Tag Helper Not Working?

October 31, 2020

I recently had an issue where I was trying to use a tag helper that wasn’t correctly rendering. The HTML that I had (which was trying to call MyController.MyAction) was this:

[code lang=“html”]

This wasn't working.  The first step when a tag helper isn't working is always to check the rendered HTML.  Tag Helpers should be converted to proper HTML - if they're actually sat on the page as a tag helper then nothing will happen, because Chrome and Firefox don't know what the hell a tag helper is.

The rendered HTML should look something like this

[code lang="html"]
<form method="post" action="/My/MyAction">
    <input type="submit" value="Do Crazy Stuff!">
    <input name="\_\_RequestVerificationToken" type="hidden" value="requestverficationtokendsldjlcjsoihcnwoncwoin">

However, I was seeing the folllowing:

[code lang=“html”]

Like I said - this is no good, as browsers don't know what to do with "asp-controller" et al.

# But Why?

Having done some research, it looks like (pretty much) the only reason for this is that you (or I) don't have the following line in the **\_ViewImports** file:

[code lang="html"]
@addTagHelper \*, Microsoft.AspNetCore.Mvc.TagHelpers

Or, if you do have it, then for whatever reason, the _ViewImports file itself can’t be located.

For any Regular Readers* of this blog, you may have noticed this post regarding setting up a project to use feature folders.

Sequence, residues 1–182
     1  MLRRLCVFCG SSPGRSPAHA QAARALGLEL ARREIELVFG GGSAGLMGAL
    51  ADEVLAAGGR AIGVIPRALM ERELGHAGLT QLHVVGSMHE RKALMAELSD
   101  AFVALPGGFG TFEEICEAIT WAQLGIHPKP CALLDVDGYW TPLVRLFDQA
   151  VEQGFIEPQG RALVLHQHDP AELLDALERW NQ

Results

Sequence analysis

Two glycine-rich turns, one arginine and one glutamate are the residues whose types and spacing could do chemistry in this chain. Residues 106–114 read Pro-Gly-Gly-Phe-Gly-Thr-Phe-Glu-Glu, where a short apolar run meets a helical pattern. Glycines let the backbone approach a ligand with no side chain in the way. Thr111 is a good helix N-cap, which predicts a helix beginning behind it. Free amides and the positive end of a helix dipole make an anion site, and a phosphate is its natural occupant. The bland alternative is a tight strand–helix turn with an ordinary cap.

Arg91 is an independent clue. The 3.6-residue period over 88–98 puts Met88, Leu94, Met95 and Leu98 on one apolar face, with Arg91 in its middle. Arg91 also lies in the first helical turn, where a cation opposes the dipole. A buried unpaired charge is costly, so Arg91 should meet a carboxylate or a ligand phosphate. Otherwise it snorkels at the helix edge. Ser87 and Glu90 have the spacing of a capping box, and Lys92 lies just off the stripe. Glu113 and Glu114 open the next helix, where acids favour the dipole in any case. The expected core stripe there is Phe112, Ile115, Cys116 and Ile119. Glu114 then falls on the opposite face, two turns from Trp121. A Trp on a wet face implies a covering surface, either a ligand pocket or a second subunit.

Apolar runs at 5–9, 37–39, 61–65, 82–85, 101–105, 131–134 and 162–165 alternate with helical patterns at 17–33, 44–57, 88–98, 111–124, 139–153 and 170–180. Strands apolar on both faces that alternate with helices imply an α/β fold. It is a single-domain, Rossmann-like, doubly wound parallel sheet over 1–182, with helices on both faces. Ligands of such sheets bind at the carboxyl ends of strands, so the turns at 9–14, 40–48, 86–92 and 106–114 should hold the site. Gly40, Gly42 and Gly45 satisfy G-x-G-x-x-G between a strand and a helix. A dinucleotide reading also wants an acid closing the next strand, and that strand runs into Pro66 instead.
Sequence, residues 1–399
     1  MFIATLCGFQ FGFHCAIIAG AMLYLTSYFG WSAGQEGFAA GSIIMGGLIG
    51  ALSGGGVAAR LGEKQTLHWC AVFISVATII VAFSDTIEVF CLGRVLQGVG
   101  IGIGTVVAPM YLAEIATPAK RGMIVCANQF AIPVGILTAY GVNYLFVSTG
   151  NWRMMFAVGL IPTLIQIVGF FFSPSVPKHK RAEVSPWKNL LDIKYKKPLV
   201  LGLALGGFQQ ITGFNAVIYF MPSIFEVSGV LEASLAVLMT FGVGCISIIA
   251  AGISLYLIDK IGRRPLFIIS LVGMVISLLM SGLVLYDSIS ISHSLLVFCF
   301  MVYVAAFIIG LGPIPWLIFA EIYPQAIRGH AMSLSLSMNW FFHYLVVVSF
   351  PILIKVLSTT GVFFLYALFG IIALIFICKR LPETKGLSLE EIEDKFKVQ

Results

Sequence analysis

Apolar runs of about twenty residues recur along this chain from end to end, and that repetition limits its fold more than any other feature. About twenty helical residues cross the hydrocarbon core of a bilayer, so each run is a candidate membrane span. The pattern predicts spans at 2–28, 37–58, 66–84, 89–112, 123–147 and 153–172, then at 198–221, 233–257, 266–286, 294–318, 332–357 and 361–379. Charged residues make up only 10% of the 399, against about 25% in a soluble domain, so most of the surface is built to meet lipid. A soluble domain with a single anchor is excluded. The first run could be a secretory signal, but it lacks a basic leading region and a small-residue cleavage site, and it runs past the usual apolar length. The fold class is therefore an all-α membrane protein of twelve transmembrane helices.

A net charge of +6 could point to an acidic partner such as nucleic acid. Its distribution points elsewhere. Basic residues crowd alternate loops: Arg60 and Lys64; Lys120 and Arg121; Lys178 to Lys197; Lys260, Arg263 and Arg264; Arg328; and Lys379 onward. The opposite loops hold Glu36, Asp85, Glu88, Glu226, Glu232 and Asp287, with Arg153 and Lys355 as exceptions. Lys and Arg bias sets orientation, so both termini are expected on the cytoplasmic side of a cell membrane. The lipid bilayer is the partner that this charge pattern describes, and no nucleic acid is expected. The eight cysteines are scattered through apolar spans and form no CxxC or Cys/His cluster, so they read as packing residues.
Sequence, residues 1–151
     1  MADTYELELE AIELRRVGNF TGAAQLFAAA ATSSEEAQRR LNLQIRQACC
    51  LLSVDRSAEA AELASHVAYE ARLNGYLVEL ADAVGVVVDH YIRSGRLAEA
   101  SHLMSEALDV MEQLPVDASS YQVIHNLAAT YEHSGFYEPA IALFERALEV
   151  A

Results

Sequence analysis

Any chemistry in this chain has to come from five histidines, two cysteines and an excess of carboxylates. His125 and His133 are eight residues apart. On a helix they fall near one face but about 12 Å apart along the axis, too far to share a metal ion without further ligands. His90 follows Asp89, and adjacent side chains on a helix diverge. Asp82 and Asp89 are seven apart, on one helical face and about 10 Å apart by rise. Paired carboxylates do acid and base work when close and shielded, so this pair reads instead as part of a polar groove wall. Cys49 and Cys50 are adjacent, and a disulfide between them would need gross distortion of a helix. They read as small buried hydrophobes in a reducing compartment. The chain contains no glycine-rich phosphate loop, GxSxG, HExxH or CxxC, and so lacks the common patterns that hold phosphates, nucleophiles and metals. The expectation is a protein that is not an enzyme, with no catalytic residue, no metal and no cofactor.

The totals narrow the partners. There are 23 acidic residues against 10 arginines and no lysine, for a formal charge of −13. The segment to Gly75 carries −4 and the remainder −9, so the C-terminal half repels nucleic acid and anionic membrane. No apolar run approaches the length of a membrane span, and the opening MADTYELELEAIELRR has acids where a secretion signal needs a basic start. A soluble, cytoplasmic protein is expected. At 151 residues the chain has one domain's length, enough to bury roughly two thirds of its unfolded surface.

One of the interesting features about _ViewImports, is that is applies to the folder that it’s in, and any sub folders; my folder structure looked like this:

- Feature1
-- Index.cshtml
-- Feature1.cshtml
- Feature2
-- Index.cshtml
-- Feature2.cshtml
- Views
-- \_ViewImports
-- Shared

As a result, the _ViewImports will only apply inside the Views folder.

The Solution(s)

I can see three possibilities here. Each has benefits and drawbacks.

Create a Symbolic Link

One possibility is to Create a symbolic link between the _ViewImports in the views directory and the feature folder. Launch a command prompt (as admin):

C:\\Project\\src\\MyApp\\Feature1>mklink \_ViewImports.cshtml ..\\Views\\\_ViewImports.cshtml

symbolic link created for \_ViewImports.cshtml <<===>> ..\\Views\\\_ViewImports.cshtml

This works fine, but symbolic links can cause issues; especially if you’re copying code around (for example, with a source control system).

Just copy the file

Obviously, you could simply copy the _ViewImports file to the relevant directory. The benefit of this is that each folder only has the relevant imports for that folder; the downside being that you need to maintain all of these (in practice, the file shouldn’t be huge and complex, so this may be the easiest option).

Parent Directory

Finally, you could simply introduce a parent folder; for example:

- Features
-- \_ViewImports
-- Feature1
--- Index.cshtml
--- Feature1.cshtml
-- Feature2
--- Index.cshtml
--- Feature2.cshtml
- Views
-- Shared

This is probably my favourite solution - it gives you the best of both worlds, but it does mean that you need to re-structure your solution.




* I’m curious as to whether anyone does read this on a regular basis. Most of the traffic seems to come from Google. If you are a regular reader then please drop a comment.

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